A once-sleepy movement that would upend the Electoral College, reverse two centuries of constitutional practice and elect presidents by direct popular vote has quietly picked up momentum in recent days, with Republican Party leaders scrambling to stanch a steady stream of defections by GOP state lawmakers to the plan.
Shawn Steel, a former chairman of the California Republican Party, is so worried by the support building for the so-called "National Popular Vote Compact" that he is organizing an effort to put the Republican National Committee on record against the idea at its August meeting in Tampa, Fla.
"This is a very clever idea that bypasses the orderly process of amending the Constitution," said Mr. Steel, who is now an RNC member from California. "It's an extraordinarily radical idea, and we need to get some rollback going."
But it is Mr. Steel's home state that could provide the next major boost for the idea, as California lawmakers may be well on their way to throw the state's 55 electoral votes - the biggest single Election Day prize - into the compact kitty. As governor, Republican Arnold Schwarzenegger twice vetoed the idea, but new Gov. Jerry Brown, a Democrat, has not said what he would do if the bill reaches his desk.
Under the idea introduced in 2006 by Stanford University consulting professor John Koza, states that join the NPV compact pledge to give all of their electoral votes to the presidential candidate who wins the national popular vote - even if a majority of the state's voters supported another candidate. If a group of states with an accumulated tally of 270 electoral votes - the bare majority - sign on, the practical effect would be that the popular-vote winner instantly becomes the Electoral College winner as well.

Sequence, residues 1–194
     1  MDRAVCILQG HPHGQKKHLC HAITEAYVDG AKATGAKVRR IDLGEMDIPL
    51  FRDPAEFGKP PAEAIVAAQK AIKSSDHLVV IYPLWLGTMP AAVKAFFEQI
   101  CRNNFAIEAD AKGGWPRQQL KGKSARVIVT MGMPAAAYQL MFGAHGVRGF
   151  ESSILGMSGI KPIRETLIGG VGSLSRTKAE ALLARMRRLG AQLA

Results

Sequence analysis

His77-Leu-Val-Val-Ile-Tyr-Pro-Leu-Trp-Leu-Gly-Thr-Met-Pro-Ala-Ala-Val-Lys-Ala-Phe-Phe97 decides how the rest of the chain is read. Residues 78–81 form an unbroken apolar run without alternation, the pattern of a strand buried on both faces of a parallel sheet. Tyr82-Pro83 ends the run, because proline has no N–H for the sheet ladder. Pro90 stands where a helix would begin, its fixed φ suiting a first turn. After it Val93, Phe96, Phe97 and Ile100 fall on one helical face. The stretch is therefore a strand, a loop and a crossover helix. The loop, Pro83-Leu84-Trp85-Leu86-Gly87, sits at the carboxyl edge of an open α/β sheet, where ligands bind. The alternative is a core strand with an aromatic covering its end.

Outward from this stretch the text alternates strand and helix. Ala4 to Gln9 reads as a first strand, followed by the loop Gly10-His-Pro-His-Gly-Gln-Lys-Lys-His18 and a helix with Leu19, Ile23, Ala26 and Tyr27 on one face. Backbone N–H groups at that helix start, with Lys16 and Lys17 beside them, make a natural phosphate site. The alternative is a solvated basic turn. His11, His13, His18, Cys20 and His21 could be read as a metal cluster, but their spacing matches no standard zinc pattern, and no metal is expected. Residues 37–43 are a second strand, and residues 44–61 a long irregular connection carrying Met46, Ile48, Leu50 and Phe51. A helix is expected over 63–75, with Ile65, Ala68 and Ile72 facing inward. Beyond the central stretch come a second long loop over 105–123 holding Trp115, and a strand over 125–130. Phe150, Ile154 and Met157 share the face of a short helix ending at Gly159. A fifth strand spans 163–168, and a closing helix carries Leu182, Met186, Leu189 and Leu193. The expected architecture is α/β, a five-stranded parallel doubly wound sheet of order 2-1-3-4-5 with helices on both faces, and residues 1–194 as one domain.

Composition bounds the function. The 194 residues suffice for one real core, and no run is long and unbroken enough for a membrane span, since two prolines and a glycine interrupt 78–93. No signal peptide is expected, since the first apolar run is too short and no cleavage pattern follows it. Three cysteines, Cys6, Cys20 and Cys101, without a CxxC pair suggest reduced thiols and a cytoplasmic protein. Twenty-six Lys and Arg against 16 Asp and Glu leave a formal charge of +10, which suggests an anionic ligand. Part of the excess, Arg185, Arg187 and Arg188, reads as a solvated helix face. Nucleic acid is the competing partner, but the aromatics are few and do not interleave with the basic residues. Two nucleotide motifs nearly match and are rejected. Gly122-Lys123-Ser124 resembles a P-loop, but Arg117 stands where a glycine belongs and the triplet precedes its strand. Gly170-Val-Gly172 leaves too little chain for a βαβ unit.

The proposal won an initial burst of support among Democrats still irked by the outcome of the 2000 presidential election, when Republican George W. Bush won the election even after losing the popular vote to Al Gore. Seven states, all uniformly blue, and the District of Columbia have joined the compact.
Republicans, meanwhile, had largely dismissed the idea as a fringe academic exercise at best and a Democratic attempt to rewrite history at worst - until this year.
A rash of Republican state legislators have signed on as co-sponsors and even sponsors of this year's spate of NPV bills. At a May 12 news conference, two prominent Republicans — former Sen. Fred Thompson of Tennessee and former Gov. Jim Edgar of Illinois — endorsed the compact.
"We're perpetually kind of rolling the dice in presidential elections in this country and risking electing someone who didn't get the most votes," Mr. Thompson said at the event. "It's an unnecessary risk."
Opponents are hustling to herd stray Republicans back into the fold. They chalked up a moral victory last month in the California Assembly after the Republican sponsor of the NPV bill, Assemblyman Brian Nestande, changed his mind and wound up abstaining on the May 19 floor vote.
"We haven't had consensus within our party," Mr. Nestande told the Desert (Calif.) Sun. "This is a big issue for the party structure, and obviously there's dissent, and I would like to get a consensus on the issue."
The bill was approved anyway by a vote of 51-21, with eight abstentions, and awaits a vote in the state Senate, where it is expected to pass easily. If signed by Mr. Brown, who has yet to take a position, it would bring compact backers halfway to their goal of 270 electoral votes.
Republican leaders attribute the sudden, surprising GOP enthusiasm for NPV to the involvement of Tom Golisano. A billionaire and three-time Independence Party candidate for New York governor, Mr. Golisano joined the movement in February and has dedicated himself to seeing the compact implemented.